How we measure hearing loss
Hearing loss is measured in decibels (dB) by one of our expert Audiologists when your loved one attends their hearing test appointment. Hearing loss is measured as loudness versus pitch of sounds and the results of their hearing test are then plotted on an Audiogram.
Our state of the art audiological testing technology allows our Audiologists to accommodate a range of different hearing tests to help identify the type of hearing loss your loved one may have. We will talk to them in detail about the hearing test and what they need to do as well as discussing the outcome of their hearing test so that they can feel confident in the health of their ears and their hearing ability so that they can regain the joy of hearing.
The best way to find out if you have hearing loss is to make an appointment at one of our stores. Our specialists will assess your hearing capabilities with a free test and advise you on the potential next steps.Click here to find a store
To understand the type of hearing loss they may be experiencing, hearing is measured using earphones (which measure air conduction). By placing a small vibrator on their head (which largely bypasses the eardrum and middle ear and measures the sound waves that pass directly to the cochlea in the inner ear) this measures the overall efficiency of their hearing.
With the earphones, they can expect to hear tones of different frequencies, testing one ear at a time. The intensity of each tone is varied to find the lowest level that they can hear sounds, which is then used as the threshold for that tone. It is unusual for their hearing threshold to be the same or similar for different frequencies - typically there is a greater hearing loss for high frequency tones. Equally, hearing loss can be different in each ear.
The hearing loss thresholds are further categorized into:
- Mild hearing loss (26 – 40 dB HL)
Patients will find it difficult to hear soft sounds and undertones in noisy backgrounds
- Moderate hearing loss (41 – 55 dB HL)
Difficult to follow speech with background noises
- Severe hearing loss (71 – 90 dB HL)
Extremely difficult to follow conversations
- Profound hearing loss (above 90 dB HL)
Hearing gets impossible without hearing aids.
Our expert Audiologists take the time to listen and understand where their hearing challenges are now and their expectations for the future. Life is for listening and we’ll ensure that your loved one feels happy and confident in interacting with the world around them.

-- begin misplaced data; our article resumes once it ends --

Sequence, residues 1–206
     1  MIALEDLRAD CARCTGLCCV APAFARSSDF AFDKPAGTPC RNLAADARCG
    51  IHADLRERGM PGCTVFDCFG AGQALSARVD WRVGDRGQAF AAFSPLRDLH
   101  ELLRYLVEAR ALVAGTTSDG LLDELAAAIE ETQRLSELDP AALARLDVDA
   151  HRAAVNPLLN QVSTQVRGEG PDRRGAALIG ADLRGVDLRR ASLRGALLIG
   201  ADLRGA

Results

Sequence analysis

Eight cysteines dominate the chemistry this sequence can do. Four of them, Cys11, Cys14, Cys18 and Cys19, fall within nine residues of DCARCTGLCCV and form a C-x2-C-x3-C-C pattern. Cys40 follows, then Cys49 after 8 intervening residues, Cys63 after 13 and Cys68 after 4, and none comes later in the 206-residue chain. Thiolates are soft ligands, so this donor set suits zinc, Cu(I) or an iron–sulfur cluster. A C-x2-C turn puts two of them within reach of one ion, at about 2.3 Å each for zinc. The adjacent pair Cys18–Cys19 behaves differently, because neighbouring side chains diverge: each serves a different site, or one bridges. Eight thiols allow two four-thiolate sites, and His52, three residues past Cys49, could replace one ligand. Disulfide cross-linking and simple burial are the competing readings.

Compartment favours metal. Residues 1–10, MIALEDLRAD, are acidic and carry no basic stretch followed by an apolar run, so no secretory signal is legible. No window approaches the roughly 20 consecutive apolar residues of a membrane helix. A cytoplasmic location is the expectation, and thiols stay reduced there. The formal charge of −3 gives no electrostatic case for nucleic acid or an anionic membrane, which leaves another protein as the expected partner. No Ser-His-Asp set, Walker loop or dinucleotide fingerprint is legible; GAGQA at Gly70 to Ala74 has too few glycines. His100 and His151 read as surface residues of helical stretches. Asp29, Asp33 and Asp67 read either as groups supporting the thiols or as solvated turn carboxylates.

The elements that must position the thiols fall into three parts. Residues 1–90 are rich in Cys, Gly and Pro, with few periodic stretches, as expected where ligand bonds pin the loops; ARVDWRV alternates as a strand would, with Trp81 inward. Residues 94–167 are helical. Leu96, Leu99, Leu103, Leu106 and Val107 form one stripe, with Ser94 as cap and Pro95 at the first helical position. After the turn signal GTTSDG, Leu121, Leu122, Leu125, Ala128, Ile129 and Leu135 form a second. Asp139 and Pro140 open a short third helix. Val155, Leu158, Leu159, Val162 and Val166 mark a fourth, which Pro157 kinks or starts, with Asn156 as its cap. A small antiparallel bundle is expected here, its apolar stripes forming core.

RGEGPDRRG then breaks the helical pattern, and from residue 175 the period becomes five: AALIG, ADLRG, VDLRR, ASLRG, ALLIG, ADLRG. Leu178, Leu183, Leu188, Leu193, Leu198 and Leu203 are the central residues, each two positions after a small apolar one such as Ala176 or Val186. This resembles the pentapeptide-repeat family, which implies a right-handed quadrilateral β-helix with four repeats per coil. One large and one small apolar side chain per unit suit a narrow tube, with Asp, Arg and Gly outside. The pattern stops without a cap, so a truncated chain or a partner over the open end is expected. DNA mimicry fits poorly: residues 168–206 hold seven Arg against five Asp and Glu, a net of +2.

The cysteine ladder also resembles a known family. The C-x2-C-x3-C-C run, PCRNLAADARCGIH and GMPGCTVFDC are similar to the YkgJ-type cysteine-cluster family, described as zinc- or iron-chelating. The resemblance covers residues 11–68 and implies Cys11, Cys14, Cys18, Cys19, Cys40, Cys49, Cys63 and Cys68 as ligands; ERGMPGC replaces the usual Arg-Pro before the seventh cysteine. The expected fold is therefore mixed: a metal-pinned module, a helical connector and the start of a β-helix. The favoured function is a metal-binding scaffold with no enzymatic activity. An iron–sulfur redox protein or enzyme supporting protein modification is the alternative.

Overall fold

After their hearing test, the Hearing Aid Audiologist will plot the results on a graph and use the measurements to advise them of their degree of hearing loss.
What is Hearing loss?
Hearing loss is the partial or total inability to hear. It’s a common problem that can affect anyone. Also referred to as hearing impairment or deafness, hearing loss covers a wide range of categories and symptoms which can be caused by a variety of factors and circumstances.
Hearing problems can be temporary or permanent and can occur gradually or suddenly depending on the cause. One or both ears can be affected, or one ear may be affected more than the other.
Conductive or Sensorineural hearing loss
There are two main types of hearing loss: conductive and sensorineural.
- Conductive hearing loss occurs when sound cannot reach the inner ear. Causes can include a build-up of earwax, something blocking the outer ear, outer and middle ear infections, excess fluid in the middle ear, perforated eardrums, and abnormal bone growth in the middle ear.
- Sensorineural loss is when damage is caused to the sensitive hair cells in the inner ear or to the auditory nerve that transmits nerve impulses to the brain. Causes might be ageing and exposure to loud noises, as well as hereditary hearing issues and problems arising from physical trauma, certain medicines and viral infections of the inner ear.
If your symptoms affect only one ear, it is defined as unilateral hearing, whereas loss in both ears is called bilateral hearing loss.
Hearing loss: causes, signs, treatments
Common hearing loss signs include:
- Asking your friends or loved ones to repeat themselves
- Having the television up too loud
- Having to concentrate when trying to hear people in conversation
- Misunderstanding people
- Difficulty in noisy environments
Recognising when a loved one has hearing loss
Recognising that someone close to you, a friend or family member is experiencing challenges with their hearing is not always easy as hearing loss tends to happen gradually over time and your loved may not know that they have some symptoms of hearing loss. It can present questions such as, what can I do to help my loved one? Where can I get more information? Who can I go to for help?
Understanding the types of environments your loved one experiences difficulties in can help identify the type of hearing loss they may have. You may find that you’re loved is aware that their hearing is not as good as it used to be but is unsure what to do or they may refuse to accept changes in their hearing.
Changes in your loved one’s hearing can affect their emotional state of mind. They may feel stressed and frustrated by not being able to hear everything around them or conversations with those closest to them. Feeling embarrassed or nervous as you may misunderstand parts of the conversation or not fully understanding a conversation. Social adventures can become more challenging for your loved ones and they may not attend as many events and gatherings due to this.